We will continue today debating the report stage of Bill C-9, the jobs and economic growth act. As I said on Tuesday, Canadians are expecting this bill to pass before we rise for the summer.

I pointed out some of the consequences of not adopting Bill C-9 by the summer. Payments would not be authorized for over $500 million in transfer protection to our provinces. Bill C-9 also authorizes appropriation of $75 million for Genome Canada, $20 million for Pathways to Education Canada to provide support for disadvantaged youth, $10 million for the Canadian Youth Business Foundation, and $13.5 million for the Rick Hansen Foundation. These payments and many others cannot be made until Bill C-9 receives royal assent.

This process, I would remind the House, began on March 3, some three months ago, when the Minister of Finance delivered his budget. We debated the budget on March 5, 8, 9 and 10. On March 24, we adopted the ways and means motion required to introduce the jobs and economic growth act.

The bill was introduced on March 29. It was debated for five days at second reading and finally referred to the Standing Committee on Finance on April 19. The committee reported it back on May 14 without amendment. The opposition had almost a month to offer up amendments but reported the bill back without amendments.

This is the fourth sitting day that we have been debating report stage. The opposition and particularly, I would contend, the NDP have had the opportunity to raise their concerns. However, I want to point out a Speaker's ruling from April 14, 1987 in which he addressed this issue. He stated:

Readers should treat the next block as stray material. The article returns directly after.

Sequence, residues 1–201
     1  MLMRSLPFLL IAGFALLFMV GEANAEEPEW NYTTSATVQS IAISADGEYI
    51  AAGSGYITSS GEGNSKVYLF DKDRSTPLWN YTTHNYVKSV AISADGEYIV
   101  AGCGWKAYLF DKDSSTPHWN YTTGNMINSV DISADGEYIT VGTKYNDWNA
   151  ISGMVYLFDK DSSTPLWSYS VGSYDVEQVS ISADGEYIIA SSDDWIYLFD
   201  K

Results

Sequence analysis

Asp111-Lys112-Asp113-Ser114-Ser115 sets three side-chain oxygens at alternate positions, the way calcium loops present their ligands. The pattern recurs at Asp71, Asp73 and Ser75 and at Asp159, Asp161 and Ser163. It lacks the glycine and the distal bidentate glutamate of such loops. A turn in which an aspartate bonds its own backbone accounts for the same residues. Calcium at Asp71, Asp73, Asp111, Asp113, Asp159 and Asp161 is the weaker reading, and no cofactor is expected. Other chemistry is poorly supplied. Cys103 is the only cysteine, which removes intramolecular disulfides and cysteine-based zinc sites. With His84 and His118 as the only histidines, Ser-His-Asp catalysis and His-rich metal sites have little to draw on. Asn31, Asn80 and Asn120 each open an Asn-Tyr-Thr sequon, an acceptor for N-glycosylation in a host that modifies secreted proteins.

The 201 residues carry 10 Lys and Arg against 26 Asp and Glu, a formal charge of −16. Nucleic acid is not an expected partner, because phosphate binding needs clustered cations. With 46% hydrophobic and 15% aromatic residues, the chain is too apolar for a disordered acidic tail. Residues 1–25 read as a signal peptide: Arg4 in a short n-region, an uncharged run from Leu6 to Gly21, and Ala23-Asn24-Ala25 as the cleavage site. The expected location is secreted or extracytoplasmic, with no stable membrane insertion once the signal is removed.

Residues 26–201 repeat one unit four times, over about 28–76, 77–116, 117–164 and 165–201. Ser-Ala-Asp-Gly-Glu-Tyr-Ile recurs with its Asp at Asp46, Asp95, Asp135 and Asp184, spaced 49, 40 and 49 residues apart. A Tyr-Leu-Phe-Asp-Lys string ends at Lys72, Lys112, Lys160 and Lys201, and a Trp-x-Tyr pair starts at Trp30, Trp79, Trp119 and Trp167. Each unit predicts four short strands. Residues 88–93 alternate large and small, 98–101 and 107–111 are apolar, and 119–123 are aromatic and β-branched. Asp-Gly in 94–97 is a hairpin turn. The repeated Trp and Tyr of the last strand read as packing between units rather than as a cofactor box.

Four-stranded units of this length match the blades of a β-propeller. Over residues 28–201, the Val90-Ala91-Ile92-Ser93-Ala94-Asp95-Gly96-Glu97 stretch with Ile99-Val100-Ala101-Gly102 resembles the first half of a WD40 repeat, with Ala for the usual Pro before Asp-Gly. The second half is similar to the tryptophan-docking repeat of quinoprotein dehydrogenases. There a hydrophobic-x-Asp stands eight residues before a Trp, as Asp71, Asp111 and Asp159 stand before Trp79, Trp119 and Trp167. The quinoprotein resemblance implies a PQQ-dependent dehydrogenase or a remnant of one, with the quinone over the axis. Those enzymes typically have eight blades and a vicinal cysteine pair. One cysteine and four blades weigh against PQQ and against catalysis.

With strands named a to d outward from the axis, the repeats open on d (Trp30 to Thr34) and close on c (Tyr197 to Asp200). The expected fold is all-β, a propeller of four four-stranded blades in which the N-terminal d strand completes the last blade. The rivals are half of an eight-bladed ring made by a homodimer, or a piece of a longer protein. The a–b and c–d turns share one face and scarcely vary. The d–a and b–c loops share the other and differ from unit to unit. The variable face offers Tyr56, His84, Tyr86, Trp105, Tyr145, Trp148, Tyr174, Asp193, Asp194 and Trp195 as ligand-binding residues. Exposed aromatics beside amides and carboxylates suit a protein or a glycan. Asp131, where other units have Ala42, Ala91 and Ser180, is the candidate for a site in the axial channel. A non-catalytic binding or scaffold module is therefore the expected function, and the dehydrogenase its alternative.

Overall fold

It is essential to our democratic system that controversial issues should be debated at reasonable length so that every reasonable opportunity shall be available to hear the arguments pro and con and that reasonable delaying tactics should be permissible to enable opponents of a measure to enlist public support for their point of view. Sooner or later every issue must be decided and the decision will be taken

I would also like to quote House of Commons Procedure and Practice, at page 210, which states:

it remains true that parliamentary procedure is intended to ensure that there is a balance between the government's need to get its business through the House, and the opposition's responsibility to debate that business without completely immobilizing the proceedings of the House.